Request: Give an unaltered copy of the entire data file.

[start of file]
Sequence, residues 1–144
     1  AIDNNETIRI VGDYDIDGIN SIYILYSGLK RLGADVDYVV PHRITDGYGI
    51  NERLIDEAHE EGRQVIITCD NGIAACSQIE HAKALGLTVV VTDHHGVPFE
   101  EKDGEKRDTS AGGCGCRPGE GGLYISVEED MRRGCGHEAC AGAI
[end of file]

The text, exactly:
Sequence, residues 1–144
     1  AIDNNETIRI VGDYDIDGIN SIYILYSGLK RLGADVDYVV PHRITDGYGI
    51  NERLIDEAHE EGRQVIITCD NGIAACSQIE HAKALGLTVV VTDHHGVPFE
   101  EKDGEKRDTS AGGCGCRPGE GGLYISVEED MRRGCGHEAC AGAI